Experiencing the Nightingale Floor 20 years ago was something I wanted to share with my hubby. We made it a point to travel together to Kyoto where I had a chance to bring him to Japan’s revered Nijo Castle.
The fascinating thing about Japan is their impressive skill in caring for their cultural sites amidst a bustling, fast-paced and ultra-modern city. Such ancient structures stand among towering office buildings, skyscrapers and stores, and could easily be accessed from a nearby subway stop.
Perhaps the most notable part of the Nijo Castle is the Ninomaru Palace. Ninomaru translates to “outer defense”, and this is where I had one of the best travel experiences as a child. Aside from the fact that the palace has 33 rooms with winding, snaking corridors, what I remember most about the palace is the Nightingale Floor. As this was a strategic portion of the castle, it was where shoguns and feudal lords lived so they could be on guard to defend its people against any danger.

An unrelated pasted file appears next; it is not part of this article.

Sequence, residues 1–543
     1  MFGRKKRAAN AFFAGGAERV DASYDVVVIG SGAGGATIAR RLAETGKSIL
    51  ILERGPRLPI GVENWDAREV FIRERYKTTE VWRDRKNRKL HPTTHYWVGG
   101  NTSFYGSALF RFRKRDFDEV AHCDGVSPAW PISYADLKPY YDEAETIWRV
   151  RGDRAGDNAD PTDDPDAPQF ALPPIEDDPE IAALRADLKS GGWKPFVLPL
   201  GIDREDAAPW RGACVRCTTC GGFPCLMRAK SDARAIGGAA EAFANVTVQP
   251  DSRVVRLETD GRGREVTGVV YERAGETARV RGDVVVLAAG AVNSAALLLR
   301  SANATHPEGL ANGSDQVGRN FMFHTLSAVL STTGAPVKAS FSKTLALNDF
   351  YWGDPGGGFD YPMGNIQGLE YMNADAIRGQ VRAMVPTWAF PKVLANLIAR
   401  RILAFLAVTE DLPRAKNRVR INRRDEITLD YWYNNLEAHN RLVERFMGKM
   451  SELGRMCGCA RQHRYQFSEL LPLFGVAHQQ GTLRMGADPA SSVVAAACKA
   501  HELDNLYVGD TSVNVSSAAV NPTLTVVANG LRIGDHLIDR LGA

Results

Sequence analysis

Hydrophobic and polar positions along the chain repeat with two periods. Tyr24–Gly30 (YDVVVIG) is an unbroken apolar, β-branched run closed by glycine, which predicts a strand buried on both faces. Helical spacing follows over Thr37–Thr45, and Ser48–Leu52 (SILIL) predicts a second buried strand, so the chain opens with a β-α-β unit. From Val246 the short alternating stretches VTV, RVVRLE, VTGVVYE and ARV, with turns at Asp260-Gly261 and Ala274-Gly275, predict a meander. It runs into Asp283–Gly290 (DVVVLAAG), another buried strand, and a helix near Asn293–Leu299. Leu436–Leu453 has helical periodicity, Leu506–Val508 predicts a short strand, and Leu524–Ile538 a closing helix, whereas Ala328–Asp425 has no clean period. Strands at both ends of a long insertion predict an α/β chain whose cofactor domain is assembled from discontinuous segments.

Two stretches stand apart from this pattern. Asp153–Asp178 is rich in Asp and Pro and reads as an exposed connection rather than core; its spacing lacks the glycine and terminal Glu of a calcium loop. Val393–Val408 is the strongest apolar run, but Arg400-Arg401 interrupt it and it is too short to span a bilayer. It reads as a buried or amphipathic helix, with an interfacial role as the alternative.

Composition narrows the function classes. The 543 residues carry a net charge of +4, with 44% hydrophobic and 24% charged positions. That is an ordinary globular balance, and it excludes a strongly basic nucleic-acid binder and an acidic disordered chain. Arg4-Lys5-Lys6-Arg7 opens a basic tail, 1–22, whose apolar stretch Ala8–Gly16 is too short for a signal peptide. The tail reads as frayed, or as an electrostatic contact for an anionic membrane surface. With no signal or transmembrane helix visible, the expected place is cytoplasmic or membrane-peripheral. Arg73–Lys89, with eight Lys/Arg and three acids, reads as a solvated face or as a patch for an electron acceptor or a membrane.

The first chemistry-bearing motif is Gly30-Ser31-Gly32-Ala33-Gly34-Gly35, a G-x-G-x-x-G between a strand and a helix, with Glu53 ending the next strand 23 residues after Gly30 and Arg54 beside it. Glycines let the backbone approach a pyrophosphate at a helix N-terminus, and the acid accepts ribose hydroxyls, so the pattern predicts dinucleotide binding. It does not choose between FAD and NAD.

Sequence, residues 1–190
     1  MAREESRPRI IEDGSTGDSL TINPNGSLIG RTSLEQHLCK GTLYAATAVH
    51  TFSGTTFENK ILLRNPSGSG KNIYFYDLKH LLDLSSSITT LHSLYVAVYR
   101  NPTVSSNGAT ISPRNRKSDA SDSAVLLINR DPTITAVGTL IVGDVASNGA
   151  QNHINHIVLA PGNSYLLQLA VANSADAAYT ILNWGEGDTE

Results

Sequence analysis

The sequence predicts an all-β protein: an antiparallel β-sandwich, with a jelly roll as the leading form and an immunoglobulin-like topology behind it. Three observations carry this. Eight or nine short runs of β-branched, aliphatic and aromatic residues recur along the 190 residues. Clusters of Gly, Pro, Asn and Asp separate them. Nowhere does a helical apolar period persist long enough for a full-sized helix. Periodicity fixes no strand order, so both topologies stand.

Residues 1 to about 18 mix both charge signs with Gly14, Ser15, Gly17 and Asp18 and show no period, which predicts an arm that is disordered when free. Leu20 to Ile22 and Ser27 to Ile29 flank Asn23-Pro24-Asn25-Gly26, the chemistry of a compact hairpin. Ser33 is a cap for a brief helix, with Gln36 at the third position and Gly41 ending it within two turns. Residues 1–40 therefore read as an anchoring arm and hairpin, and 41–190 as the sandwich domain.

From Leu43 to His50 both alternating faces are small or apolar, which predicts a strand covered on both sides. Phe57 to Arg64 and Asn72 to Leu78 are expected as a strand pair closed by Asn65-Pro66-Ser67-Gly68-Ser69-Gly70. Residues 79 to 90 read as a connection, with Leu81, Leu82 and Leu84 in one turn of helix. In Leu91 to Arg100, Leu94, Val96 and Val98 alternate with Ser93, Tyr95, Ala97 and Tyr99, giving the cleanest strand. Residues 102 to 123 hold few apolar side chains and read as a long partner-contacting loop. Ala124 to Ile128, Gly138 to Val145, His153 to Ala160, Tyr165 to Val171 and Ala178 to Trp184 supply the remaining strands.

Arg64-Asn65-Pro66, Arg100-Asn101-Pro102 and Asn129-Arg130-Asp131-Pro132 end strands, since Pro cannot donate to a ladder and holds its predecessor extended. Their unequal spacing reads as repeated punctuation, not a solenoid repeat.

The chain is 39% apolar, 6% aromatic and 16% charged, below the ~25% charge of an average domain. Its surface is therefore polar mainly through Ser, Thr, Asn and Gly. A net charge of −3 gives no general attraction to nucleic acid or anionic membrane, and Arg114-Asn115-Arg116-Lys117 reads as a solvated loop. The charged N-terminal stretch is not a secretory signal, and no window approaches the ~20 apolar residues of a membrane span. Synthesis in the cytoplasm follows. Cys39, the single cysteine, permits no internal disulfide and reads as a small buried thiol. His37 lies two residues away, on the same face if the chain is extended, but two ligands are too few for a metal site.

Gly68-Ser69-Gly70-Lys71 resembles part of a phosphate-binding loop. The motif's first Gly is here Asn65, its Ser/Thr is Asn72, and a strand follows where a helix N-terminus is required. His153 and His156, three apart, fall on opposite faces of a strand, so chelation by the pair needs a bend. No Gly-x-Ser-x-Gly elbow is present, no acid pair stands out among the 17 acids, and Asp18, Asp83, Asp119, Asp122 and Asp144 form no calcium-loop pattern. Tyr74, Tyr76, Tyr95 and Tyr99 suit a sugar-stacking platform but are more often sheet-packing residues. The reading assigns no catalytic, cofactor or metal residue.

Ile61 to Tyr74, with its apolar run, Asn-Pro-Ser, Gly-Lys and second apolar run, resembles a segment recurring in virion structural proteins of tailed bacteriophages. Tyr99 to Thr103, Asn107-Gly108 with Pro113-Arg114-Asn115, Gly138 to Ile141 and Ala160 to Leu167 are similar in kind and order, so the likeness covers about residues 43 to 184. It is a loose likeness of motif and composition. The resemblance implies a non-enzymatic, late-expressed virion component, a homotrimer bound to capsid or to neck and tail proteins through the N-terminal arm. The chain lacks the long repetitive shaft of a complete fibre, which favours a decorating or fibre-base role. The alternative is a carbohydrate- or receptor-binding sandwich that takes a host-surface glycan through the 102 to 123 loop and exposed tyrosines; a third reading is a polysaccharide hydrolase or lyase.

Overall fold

And that was what the Nightingale Floor was for..
Using iron clamps, the suspended wooden floor boards were built with nails underneath that rub against each other, causing the floors to “sing” and creak loudly even under the gentlest of footsteps. This served as the burglar alarm for the shoguns which enabled them to detect the intrusion of stealthy ninjas and other attackers.
Shoes are off limits inside the premises and photography was strictly prohibited as flash lighting could ruin the delicate condition of the ancient edifice.